Plaintiff's expert further opined that there are several
potential consequences of a dog escaping an enclosure,
including interference with traffic. Plaintiff's expert
opined that “[i]t is not at all unexpected that a dog,
kept in a kennel which it does not like or for some extended
period of time without human interaction, will be anxious to
run free either by escaping or upon release.” (Doc. 25
at 6.) Devere testified that most of the time he could get
inside the kennel without letting the dog out. On two or
three previous occasions, the dog did not obey Devere's
commands to return.
filed this action against Defendants alleging that Defendants
were negligent in failing to properly contain their dog and
allowing the dog to run onto the highway. Defendants now move
for summary judgment.
Summary Judgment Standards
judgment is appropriate if the moving party demonstrates that
there is no genuine dispute as to any material fact, and the
movant is entitled to judgment as a matter of law.
Fed.R.Civ.P. 56(a). A fact is “material” when it
is essential to the claim, and the issues of fact are
“genuine” if the proffered evidence permits a
reasonable jury to decide the issue in either party's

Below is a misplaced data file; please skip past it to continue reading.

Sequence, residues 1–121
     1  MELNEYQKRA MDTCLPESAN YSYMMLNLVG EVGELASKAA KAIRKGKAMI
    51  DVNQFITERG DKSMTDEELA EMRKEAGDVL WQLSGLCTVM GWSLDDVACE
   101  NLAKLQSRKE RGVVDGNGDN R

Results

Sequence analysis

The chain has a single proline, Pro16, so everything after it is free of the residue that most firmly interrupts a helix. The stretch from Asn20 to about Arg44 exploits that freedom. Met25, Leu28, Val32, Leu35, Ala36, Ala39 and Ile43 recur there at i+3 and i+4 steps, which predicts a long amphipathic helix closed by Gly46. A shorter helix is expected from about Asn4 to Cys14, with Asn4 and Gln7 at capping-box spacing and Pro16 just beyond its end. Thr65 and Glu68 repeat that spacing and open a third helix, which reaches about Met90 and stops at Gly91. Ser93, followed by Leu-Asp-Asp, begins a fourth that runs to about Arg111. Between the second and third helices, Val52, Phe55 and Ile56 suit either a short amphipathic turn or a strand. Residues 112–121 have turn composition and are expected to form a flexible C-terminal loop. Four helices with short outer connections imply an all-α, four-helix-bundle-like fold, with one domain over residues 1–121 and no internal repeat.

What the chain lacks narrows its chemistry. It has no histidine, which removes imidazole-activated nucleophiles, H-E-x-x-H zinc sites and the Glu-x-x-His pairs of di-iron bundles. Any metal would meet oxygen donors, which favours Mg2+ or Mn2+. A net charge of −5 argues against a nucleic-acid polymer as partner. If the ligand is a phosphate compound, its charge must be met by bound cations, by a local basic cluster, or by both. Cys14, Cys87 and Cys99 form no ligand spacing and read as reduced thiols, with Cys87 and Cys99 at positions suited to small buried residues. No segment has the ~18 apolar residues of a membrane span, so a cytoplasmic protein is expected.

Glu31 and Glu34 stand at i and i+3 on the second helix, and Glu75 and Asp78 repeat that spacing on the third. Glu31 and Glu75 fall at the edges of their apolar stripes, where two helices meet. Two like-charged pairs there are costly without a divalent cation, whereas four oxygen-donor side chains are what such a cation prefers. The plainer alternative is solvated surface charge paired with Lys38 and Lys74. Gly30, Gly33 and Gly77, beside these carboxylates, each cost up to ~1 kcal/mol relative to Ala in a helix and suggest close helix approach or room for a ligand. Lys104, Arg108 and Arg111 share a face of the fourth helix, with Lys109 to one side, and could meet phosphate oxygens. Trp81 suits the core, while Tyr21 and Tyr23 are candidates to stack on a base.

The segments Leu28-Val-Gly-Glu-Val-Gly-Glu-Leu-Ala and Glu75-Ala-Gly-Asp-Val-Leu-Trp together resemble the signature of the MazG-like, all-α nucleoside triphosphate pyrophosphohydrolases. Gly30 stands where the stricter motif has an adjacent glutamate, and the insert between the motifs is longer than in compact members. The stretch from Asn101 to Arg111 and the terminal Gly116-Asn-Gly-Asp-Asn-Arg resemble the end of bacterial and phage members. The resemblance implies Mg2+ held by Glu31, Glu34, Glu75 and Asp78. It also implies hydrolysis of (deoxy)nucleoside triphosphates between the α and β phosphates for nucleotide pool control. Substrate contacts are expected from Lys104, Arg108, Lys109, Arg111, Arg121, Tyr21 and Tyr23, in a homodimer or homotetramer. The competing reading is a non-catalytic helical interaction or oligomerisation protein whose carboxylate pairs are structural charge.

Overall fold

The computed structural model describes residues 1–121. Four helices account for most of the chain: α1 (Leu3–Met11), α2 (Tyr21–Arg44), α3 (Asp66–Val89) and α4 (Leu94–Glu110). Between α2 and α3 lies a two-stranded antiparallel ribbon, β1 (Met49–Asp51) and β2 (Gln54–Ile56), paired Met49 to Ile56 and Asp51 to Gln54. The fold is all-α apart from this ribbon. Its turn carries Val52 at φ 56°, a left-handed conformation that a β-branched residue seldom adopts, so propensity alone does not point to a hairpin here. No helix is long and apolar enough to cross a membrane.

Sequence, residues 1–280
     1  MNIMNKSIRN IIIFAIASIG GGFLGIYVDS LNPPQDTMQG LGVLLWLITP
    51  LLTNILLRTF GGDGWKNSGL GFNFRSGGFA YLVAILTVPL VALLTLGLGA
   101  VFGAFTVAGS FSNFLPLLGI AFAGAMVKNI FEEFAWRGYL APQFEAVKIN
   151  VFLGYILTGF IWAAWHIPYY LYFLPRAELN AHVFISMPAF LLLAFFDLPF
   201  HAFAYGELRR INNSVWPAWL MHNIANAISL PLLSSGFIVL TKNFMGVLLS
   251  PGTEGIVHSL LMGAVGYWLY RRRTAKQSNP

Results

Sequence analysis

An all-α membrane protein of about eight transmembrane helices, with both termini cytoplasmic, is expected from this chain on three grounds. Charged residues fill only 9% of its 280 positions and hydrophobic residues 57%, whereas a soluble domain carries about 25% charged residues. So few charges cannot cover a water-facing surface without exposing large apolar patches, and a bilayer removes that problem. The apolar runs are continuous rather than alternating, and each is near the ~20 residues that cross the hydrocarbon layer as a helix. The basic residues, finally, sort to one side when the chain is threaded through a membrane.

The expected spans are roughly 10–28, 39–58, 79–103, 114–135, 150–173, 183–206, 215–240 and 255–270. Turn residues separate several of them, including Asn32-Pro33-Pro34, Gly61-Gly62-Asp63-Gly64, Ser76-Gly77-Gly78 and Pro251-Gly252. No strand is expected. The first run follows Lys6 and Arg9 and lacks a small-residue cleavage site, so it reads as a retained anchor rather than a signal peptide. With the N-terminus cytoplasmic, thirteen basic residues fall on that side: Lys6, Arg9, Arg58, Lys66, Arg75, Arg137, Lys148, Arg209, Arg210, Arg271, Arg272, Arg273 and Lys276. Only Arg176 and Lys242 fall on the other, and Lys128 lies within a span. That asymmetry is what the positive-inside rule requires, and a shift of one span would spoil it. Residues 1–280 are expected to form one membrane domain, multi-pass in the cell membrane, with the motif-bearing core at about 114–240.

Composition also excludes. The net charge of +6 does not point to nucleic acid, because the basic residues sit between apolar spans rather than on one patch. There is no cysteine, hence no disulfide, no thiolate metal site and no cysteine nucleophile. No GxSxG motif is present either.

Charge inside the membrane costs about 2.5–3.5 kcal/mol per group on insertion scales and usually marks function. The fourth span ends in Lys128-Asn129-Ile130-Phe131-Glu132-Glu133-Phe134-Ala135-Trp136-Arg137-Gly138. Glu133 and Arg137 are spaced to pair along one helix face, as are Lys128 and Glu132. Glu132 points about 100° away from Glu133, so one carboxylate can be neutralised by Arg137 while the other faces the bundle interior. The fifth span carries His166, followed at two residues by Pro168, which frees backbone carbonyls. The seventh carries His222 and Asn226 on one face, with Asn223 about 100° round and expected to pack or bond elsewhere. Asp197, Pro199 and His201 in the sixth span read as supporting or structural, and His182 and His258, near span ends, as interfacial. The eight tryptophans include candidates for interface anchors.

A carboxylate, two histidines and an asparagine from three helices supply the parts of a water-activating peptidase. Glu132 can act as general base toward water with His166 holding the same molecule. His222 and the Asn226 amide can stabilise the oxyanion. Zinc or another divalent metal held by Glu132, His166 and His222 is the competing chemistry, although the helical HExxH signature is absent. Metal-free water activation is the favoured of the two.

favor. Sotunde v. Safeway, Inc., 716 Fed.Appx. 758,
761 (10th Cir. 2017). The movant bears the initial burden of
proof and must show the lack of evidence on an essential
element of the claim. Thom v. Bristol-Myers Squibb
Co., 353 F.3d 848, 851 (10th Cir. 2004) (citing
Celotex Corp. v. Catrett, 477 U.S. 317, 322-23
(1986)). The nonmovant must then bring forth specific facts
showing a genuine issue for trial. Id. The court
views all evidence and reasonable inferences in the light
most favorable to the nonmoving party. Life Wise Master
Funding v. Telebank, 374 F.3d 917, 927 (10th Cir. 2004).
contend that Plaintiff's claim fails as a matter of law
because the dog did not have a propensity for running onto
the highway, and, therefore, it was not foreseeable to
Defendants that the dog would run onto the highway and cause
an accident after being let out of the kennel. Plaintiff
essentially argues that the facts support a finding that this
type of incident was foreseeable given the fact that the dog
had been restrained for two days, the dog liked to run,
Defendants knew the highway was dangerous, and the dog had
previously failed to heed Defendants' commands. Plaintiff
also argues that the facts would support a claim for
negligence under a theory of strict liability.
Kansas law, an owner of a domestic animal is subject to
liability under three circumstances: 1) the owner knows or
has reason to know of the animal's dangerous
propensities, i.e. strict liability, and, if there is no
reason to know of its dangerous propensities, 2) the owner
“intentionally causes the animal to do harm;” or
3) the owner is “negligent in failing to prevent the
harm.” White v. Singleton, No. 90, 550, 2004
WL 48884, *1 (Kan.Ct.App. 2004) (citing Mercer v.
Fritts, 9 Kan.App.2d 232, 236, aff'd, 236
Kan. 73, 689 P.2d 774 (1984). The second circumstance is
clearly inapplicable in this case.